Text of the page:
Do you ever think about someone’s hands? The creases between their fingers and their palms, the shape of their fingernails, the way they hold a watch, or the indentation that a ring makes in their fingers? The hands of the people we love are particularly fascinating because we know them so well. This past weekend, the amazing photographer, Penny De Los Santos, hosted a 3 day food photography course that was live-streamed, free, on the web. Every spare minute I had over the weekend, I voraciously ate up her teachings (I even had my laptop on the kitchen counter while making dinner).
Of the ridiculous amount of useful tips and guidance that Penny provided, I walked away with a few very important lessons: to shoot food with feeling, and to capture it from above, or at the 3/4 angle. This was, people, a serious breakthrough for me. I always try to shoot food with feeling. But I’m never quite sure if what I see is what you see. You see? So this weekend, I had a dinner party and I cooked a lot. And then Matt and I had a simple, tasty meal. And I photographed a lot, trying to channel a little bit of Penny. I realized that the photos I share here don’t have to be flawless. They don’t need to zoom into every detail. They don’t need to be perfect because, let’s face it, when are things ever perfect?
So, I focused on hands. And not just the food but our MEAL. The act of us sitting down at our dinky little Ikea table, laying out forks and knives, moving our fruit bowl to make room for a bowl of sauteed greens. Brightening things up with a few sprigs of mint in a mason jar. When I look at these photos, they speak a little differently to me than some of the other photos I’ve shared here on the site. And I’m hoping to continue exploring.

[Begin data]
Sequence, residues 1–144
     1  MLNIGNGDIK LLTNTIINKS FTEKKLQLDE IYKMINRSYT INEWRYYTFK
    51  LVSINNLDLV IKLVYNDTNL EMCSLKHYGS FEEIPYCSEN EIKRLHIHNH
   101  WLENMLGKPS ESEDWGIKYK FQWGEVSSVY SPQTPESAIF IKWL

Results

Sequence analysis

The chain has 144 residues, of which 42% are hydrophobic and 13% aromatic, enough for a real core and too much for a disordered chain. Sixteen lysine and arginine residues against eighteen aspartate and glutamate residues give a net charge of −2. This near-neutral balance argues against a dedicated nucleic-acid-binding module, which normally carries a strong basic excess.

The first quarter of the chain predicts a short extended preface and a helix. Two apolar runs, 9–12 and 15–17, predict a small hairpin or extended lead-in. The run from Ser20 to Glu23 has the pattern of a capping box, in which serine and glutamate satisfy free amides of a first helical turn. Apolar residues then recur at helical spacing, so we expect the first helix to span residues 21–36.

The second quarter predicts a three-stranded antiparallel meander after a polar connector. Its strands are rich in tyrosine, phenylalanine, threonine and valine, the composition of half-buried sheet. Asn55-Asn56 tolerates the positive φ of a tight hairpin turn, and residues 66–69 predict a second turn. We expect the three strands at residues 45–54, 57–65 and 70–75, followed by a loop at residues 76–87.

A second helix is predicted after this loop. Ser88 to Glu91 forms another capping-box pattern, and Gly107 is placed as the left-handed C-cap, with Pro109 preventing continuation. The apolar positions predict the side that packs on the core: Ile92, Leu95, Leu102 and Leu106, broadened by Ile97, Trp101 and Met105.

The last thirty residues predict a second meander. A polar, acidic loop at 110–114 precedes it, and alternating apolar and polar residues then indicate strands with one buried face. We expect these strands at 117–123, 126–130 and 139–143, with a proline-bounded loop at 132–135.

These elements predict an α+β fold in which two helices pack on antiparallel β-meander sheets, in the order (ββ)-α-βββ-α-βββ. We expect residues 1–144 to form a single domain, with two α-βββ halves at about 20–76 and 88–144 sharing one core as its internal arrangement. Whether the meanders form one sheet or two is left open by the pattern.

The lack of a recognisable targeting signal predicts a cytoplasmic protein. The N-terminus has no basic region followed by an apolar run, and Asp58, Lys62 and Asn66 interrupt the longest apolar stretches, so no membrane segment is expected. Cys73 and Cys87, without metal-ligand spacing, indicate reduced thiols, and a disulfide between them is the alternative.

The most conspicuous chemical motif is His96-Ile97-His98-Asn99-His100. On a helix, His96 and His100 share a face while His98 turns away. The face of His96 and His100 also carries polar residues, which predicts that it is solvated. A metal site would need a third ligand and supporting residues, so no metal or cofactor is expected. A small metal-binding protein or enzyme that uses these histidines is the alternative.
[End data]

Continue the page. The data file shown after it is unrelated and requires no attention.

Do any of you have any tips for photographing life, food and stills? I’d love to hear them in the comments. Anyone else tune into Penny’s seminar and have other tips?
And now, trout. This is the second trout recipe I’ve featured recently which is funny because it might only be the second time I’ve ever cooked trout at home. But I see it everywhere, it’s local and fresh and I think it’s quite tasty. This is the simplest preparation of it and this recipe is hardly one you have to follow exactly. It’s the perfect simple weekend meal for two.
Simple Whole Trout with Green Garlic, Lemon and Pea Tendrils
2 whole trout, cleaned and de-boned
1/4 of one green garlic bulb + stem
4 sprigs of fresh thyme
1 whole organic lemon
bunch of pea tendrils
sea salt and freshly ground pepper
1 tablespoon of butter
1. Rub the trout with a generous amount of kosher salt and pepper both inside and out. Thinly slice the green garlic bulb and about a tablespoon’s-worth of the green garlic stem.
2. Slice the lemon in half and then cut four slices from one half (set the rest aside).
3. Fill each fish cavity with two lemon slices, two sprigs of thyme and half of the green garlic.
4. Melt the butter in a large, non-stick skillet over medium-high heat. Once it’s melted, add the fish, whole, into the skillet, gently placing it on one side. Cook for several minutes on one side (make sure to crisp up that skin nicely) before using a pair of tongs to carefully flip it to its other side. Continue cooking for several minutes. You may need to flip the fish again to make sure the inside is completely cooked (it should not be transparent and should flake easily with a fork).
5. Remove the fish from the skillet and keep warm on a plate.
6. Heat a tablespoon or so of olive oil in a large skillet. Toss in the pea tendrils (I recommend cutting off the tougher stems). Season with sea salt, pepper and a teaspoon of freshly-grated lemon zest (from the lemon you used earlier).
7. Saute briefly before evenly dividing between two plates.
8. Chop the head and tail off of the trout before placing it on top of the sauteed pea sprouts. Season to taste.
Musical Pairings: Port O’Brien – Threadbare + Simple Whole Trout with Green Garlic, Lemon and Pea Tendrils
Head to the Turntable for more on today’s Pairing.